And that is precisely why it was so invisible—and so uncomfortable—to me. One of the greatest subtle biases we all carry are connected to those identities in which we carry dominance. And most people have one or more of these dominant identities. It’s almost a guarantee that when we look closely at our dominant identities, our vision about them is clouded and distorted. Most of the time, we have a very hard time talking about them. We don’t have lots of insight into the experiences of being of that identity. With race in the U.S., I often encounter white people who don’t know what to say about their experience being white; they just have not thought about it that much. By the same token, I had a hard time just reflecting on my maleness in response to Miriam’s invitation. I wanted to make it my “black maleness” that was at issue. That was just another way of trying to cling to race and avoid dealing directly with my dominant identity as a man.

Peggy McIntosh’s classic 1988 essay, “White Privilege: Unpacking the Invisible Knapsack,” helped articulate the experience of privilege and the role that power plays in our everyday experience. What we have to reflect upon today is how subtle and insidious power and privilege is in the way it shapes our perceptions, relationships, and colleagueship. In my case—like that of many others—my dominant identities hid behind my subordinant identity, pushing race front and center while maleness remained stealthily in the wings. Indeed, it’s no accident that power and dominance are often such difficult topics to address in the workplace. Dominance perpetuates itself by being psychologically and behaviorally elusive. The bias of privilege has a life of its own and no one is immune to its effect. Every man, no matter his race, creed, or color has to come to terms with how the dominance of maleness quietly shapes him.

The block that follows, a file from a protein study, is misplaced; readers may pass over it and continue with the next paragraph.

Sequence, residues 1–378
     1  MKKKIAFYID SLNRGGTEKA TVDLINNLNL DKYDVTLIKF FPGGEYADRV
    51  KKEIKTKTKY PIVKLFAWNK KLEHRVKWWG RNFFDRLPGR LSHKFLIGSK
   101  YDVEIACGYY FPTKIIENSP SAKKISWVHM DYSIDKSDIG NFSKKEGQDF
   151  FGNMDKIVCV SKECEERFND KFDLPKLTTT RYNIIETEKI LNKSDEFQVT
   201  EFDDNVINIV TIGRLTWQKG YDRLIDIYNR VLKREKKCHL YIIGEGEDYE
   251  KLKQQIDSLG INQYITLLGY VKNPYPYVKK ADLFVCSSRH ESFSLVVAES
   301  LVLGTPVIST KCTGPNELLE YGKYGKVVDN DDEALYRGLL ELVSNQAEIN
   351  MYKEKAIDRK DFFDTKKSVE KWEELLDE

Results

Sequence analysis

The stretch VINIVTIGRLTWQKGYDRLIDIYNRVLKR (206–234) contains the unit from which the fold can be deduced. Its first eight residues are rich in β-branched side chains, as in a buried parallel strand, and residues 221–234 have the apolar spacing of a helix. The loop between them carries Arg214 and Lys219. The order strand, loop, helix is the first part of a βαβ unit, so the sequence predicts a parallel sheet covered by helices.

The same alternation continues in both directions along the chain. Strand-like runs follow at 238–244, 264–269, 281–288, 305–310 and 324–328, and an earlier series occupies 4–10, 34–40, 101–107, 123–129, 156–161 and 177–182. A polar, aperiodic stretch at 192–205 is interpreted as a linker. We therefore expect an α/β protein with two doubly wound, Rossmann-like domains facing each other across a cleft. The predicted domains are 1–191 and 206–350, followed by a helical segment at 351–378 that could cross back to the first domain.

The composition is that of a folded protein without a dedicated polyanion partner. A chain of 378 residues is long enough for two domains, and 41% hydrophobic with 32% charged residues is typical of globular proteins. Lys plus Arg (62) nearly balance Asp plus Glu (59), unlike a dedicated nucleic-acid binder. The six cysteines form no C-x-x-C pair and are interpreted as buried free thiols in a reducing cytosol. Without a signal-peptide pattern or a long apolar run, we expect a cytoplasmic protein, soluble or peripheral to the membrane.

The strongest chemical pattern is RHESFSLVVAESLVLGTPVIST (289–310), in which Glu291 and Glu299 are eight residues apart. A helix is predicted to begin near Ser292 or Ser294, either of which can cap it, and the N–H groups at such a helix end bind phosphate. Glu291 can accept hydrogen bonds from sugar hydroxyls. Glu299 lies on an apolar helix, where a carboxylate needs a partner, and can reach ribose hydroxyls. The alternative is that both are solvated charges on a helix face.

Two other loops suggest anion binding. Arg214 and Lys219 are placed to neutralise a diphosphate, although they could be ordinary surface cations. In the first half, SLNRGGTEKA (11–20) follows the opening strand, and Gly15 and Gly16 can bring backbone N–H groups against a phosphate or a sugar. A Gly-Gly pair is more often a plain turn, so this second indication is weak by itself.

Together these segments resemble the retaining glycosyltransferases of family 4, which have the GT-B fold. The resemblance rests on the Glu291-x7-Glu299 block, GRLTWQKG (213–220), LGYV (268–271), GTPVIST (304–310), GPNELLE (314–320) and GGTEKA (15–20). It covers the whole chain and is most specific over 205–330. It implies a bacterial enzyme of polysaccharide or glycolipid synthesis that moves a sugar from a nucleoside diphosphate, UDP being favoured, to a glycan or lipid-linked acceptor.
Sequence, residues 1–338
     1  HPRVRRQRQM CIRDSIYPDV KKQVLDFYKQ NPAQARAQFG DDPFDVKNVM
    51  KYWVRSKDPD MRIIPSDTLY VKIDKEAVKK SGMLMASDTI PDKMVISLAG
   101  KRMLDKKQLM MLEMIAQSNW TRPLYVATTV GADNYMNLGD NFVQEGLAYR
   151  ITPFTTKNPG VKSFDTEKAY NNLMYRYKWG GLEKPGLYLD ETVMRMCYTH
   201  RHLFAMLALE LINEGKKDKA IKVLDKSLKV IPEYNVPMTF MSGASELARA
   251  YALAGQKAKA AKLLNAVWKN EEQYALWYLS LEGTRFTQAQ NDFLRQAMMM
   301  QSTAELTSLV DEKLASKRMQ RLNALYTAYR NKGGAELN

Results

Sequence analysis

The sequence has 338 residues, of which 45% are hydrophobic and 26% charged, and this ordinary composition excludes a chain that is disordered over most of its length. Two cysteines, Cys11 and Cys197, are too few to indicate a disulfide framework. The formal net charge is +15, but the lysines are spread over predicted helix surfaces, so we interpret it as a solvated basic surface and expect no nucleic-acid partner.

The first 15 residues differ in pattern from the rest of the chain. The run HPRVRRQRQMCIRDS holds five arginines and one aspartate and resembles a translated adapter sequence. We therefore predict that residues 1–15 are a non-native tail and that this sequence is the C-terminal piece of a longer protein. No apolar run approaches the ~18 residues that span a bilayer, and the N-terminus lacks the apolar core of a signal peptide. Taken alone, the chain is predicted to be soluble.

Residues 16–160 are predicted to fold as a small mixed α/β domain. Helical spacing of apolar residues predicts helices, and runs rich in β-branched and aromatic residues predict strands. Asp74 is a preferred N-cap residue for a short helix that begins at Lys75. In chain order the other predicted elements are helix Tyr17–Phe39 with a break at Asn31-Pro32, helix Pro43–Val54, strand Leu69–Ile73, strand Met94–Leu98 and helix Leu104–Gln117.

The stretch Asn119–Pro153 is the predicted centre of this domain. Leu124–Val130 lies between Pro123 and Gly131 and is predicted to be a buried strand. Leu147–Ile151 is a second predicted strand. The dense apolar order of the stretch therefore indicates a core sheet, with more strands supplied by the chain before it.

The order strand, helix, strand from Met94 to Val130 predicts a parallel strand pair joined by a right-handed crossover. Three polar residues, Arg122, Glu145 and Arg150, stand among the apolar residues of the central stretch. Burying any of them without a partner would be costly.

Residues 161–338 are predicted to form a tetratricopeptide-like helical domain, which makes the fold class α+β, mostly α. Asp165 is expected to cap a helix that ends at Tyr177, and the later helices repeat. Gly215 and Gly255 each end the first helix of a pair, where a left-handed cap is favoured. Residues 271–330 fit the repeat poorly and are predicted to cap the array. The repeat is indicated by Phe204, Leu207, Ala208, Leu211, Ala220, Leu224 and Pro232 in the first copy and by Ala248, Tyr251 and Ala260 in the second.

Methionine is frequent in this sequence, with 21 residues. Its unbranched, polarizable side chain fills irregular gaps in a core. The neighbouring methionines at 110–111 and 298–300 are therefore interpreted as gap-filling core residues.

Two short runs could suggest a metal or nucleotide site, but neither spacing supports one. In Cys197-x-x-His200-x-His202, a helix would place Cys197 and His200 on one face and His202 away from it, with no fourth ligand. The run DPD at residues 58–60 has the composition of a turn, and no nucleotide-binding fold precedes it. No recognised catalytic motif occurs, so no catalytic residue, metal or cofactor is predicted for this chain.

How do you overcome this bias? There is no better antidote than awareness. By just reading this blog post, you’ve affected the bias by making it more visible. In addition: